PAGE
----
Casalonga UPC rules of procedure
Powered by Casalonga

Rule 247Fundamental procedural defects

A fundamental procedural defect under Article 81(1) [1] of the Agreement may have occurred, for example, where:

(a) a judge of the Court took part in the decision in breach of Article 17 [2] of the Agreement or Article 7 [3] of the Statute.

(b) a person not appointed as a judge of the Court sat on the panel which took the final decision;

(c) a fundamental violation of Article 76 [4] of the Agreement occurred in the proceedings which have led to the final decision;

(d) the decision was made without deciding on a request relevant to that decision; or

(e) a breach of Article 6 of the Convention for the Protection of Human Rights and Fundamental Freedoms has occurred.
...
Please login to continue reading.


Registering with the site

You have requested to take part in a forum reserved for registered visitors.

Personal identifiers

Enter your personal information here. You will receive a registration confirmation shortly by email. Such email may have been considered as spam. If you do not find it in your inbox nor in your spam, please send an email to contact@upc-casalonga.eu.

(Your password must contain at least 6 characters.)

Required fields are indicated with a « * »


New visitor ?

Subscribe


[1-
(1) A request for rehearing after a final decision of the Court may exceptionally be granted by the Court of Appeal in the following circumstances:
(a). on discovery of a fact by the party requesting the rehearing, which is of such a nature as to be a decisive factor and which, when the decision was given, was unknown to the party requesting the rehearing; such request may only be granted on the basis of an act which was held, by a final decision of a national court, to constitute a criminal offence; or
(b). in the event of a fundamental procedural defect, in particular when a defendant who did not appear before the Court was not served with the document initiating the proceedings or an equivalent document in sufficient time and in such a way as to enable him to arrange for the defence.

[2-
(1). The Court, its judges and the Registrar shall enjoy judicial independence. In the performance of their duties, the judges shall not be bound by any instructions.
(2). Legally qualified judges, as well as technically qualified judges who are full-time judges of the Court, may not engage in any other occupation, whether gainful or not, unless an exception is granted by the Administrative Committee.
(3). Notwithstanding paragraph 2, the exercise of the office of judges shall not exclude the exercise of other judicial functions at national level.
(4). The exercise of the office of technically qualified judges who are part-time judges of the Court shall not exclude the exercise of other functions provided there is no conflict of interest.
(5). In case of a conflict of interest, the judge concerned shall not take part in proceedings. Rules governing conflicts of interest are set out in the Statute.

[3-
(1). Immediately after taking their oath, judges shall sign a declaration by which they solemnly undertake that, both during and after their term of office, they shall respect the obligations arising therefrom, in particular the duty to behave with integrity and discretion as regards the acceptance, after they have ceased to hold office, of certain appointments or benefits.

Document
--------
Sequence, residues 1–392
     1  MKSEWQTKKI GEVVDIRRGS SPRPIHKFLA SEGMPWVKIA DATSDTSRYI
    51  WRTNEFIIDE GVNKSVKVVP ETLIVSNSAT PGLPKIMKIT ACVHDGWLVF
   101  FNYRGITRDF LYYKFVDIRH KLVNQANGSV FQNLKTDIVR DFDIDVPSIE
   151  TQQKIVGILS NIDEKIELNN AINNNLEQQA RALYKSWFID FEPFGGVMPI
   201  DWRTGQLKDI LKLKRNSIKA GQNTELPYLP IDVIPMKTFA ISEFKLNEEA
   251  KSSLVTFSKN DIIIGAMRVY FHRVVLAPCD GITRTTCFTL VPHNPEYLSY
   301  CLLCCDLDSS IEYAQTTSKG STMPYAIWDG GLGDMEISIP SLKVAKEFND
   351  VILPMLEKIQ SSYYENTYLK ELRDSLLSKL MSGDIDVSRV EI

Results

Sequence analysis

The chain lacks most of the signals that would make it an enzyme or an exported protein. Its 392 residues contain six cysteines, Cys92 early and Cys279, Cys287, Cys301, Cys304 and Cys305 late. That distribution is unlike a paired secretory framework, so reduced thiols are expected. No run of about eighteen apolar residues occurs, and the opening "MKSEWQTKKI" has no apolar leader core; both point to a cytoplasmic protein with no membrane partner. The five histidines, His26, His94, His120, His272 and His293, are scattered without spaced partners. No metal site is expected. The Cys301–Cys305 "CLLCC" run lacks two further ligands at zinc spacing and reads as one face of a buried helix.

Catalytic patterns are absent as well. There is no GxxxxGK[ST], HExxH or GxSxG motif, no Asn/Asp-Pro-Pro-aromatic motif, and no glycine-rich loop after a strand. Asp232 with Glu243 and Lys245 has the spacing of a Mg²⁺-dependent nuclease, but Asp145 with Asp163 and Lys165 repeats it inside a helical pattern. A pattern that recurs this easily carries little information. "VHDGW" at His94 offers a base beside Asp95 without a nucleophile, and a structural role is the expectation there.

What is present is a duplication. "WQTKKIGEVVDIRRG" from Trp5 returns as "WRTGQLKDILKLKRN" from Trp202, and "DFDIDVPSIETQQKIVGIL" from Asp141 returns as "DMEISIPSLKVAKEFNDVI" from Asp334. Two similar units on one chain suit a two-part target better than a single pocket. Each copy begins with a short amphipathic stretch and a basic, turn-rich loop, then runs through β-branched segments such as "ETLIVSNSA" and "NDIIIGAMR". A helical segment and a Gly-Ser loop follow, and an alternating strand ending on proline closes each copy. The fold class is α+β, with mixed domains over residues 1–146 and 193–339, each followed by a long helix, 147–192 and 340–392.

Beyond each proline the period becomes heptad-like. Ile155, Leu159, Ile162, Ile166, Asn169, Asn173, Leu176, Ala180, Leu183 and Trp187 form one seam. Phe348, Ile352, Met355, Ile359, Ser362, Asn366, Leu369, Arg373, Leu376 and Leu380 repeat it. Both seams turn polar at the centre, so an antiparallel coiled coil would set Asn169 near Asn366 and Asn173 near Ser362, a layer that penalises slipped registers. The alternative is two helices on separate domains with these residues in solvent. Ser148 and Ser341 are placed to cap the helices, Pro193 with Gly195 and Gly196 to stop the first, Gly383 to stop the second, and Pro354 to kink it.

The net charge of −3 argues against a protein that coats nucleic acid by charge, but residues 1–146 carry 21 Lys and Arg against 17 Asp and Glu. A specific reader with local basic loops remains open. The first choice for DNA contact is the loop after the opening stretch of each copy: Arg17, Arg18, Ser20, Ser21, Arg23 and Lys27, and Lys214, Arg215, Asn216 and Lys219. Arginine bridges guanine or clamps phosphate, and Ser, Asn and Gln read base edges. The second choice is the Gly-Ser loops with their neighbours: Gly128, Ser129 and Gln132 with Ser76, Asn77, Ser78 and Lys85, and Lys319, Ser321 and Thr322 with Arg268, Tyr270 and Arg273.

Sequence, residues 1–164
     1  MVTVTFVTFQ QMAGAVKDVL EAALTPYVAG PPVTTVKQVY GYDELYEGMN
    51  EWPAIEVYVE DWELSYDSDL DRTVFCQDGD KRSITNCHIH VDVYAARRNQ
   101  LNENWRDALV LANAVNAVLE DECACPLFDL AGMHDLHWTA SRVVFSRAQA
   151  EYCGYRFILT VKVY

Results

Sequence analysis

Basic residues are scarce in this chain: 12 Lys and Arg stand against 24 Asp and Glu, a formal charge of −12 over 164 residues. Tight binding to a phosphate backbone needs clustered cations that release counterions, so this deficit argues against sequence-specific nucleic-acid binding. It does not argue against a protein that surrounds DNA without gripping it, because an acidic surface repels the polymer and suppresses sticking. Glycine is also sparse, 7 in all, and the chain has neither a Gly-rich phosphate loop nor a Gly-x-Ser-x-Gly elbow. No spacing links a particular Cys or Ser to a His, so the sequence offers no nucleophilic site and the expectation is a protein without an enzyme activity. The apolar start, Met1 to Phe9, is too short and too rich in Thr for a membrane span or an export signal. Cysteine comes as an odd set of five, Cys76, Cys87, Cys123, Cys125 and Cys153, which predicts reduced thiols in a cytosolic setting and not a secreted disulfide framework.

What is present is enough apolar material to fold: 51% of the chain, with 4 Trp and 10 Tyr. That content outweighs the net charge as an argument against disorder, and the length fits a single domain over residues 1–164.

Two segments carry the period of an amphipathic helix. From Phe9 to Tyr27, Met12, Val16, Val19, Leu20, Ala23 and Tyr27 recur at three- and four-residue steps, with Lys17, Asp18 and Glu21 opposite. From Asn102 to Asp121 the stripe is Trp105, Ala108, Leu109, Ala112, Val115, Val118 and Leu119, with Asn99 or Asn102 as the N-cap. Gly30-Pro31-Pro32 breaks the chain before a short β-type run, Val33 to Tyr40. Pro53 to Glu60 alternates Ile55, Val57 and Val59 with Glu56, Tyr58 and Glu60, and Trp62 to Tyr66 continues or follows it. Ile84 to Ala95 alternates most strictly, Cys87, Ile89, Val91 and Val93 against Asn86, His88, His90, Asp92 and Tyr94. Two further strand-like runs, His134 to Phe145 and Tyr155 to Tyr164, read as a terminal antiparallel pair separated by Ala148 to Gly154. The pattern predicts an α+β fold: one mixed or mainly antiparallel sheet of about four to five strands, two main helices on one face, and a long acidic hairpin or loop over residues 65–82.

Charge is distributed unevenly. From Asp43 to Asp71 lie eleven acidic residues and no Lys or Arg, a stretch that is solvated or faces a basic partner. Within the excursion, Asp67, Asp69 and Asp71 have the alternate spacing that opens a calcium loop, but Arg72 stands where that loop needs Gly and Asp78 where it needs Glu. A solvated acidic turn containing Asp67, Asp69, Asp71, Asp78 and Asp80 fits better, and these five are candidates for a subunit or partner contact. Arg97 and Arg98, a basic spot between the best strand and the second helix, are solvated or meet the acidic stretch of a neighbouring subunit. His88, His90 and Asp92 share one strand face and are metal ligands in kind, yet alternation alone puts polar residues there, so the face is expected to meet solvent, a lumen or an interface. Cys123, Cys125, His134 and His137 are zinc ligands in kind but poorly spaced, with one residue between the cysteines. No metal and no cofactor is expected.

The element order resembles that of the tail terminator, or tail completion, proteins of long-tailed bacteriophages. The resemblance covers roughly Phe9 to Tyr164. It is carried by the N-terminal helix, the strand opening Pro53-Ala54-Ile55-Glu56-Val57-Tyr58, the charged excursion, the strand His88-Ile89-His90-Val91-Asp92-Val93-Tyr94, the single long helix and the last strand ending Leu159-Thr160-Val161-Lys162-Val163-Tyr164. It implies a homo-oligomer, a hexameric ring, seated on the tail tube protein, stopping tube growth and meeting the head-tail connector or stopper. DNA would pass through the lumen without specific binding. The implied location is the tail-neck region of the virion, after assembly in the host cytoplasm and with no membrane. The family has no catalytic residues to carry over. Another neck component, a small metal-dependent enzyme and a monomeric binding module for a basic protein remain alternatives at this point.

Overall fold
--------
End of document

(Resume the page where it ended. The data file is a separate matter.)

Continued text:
(1). Judges may not take part in the proceedings of a case in which they:
(a). have taken part as adviser;
(b). have been a party or have acted for one of the parties;
(c). have been called upon to pronounce as a member of a court, tribunal, board of appeal, arbitration or mediation panel, a commission of inquiry or in any other capacity;
(d). have a personal or financial interest in the case or in relation to one of the parties; or
are related to one of the parties or the representatives of the parties by family ties.
(2). If, for some special reason, a judge considers that he or she should not take part in the judgment or examination of a particular case, that judge shall so inform the President of the Court of Appeal accordingly or, in the case of judges of the Court of First Instance, the President of the Court of First Instance. If, for some special reason, the President of the Court of Appeal or, in the case of judges of the Court of First Instance, the President of the Court of First Instance considers that a judge should not sit or make submissions in a particular case, the President of the Court of Appeal or the President of the Court of First Instance shall justify this in writing and notify the judge concerned accordingly.
(3). Any party to an action may object to a judge taking part in the proceedings on any of the grounds listed in paragraph 2 or where the judge is suspected, with good reason, of partiality.
(4). Any difficulty arising as to the application of this Article shall be settled by decision of the Presidium, in accordance with the Rules of Procedure. The judge concerned shall be heard but shall not take part in the deliberations.

[4-
(1). The Court shall decide in accordance with the requests submitted by the parties and shall not award more than is requested.
(2). Decisions on the merits may only be based on grounds, facts and evidence, which were submitted by the parties or introduced into the procedure by an order of the Court and on which the parties have had an opportunity to present their comments.
(3). The Court shall evaluate evidence freely and independently.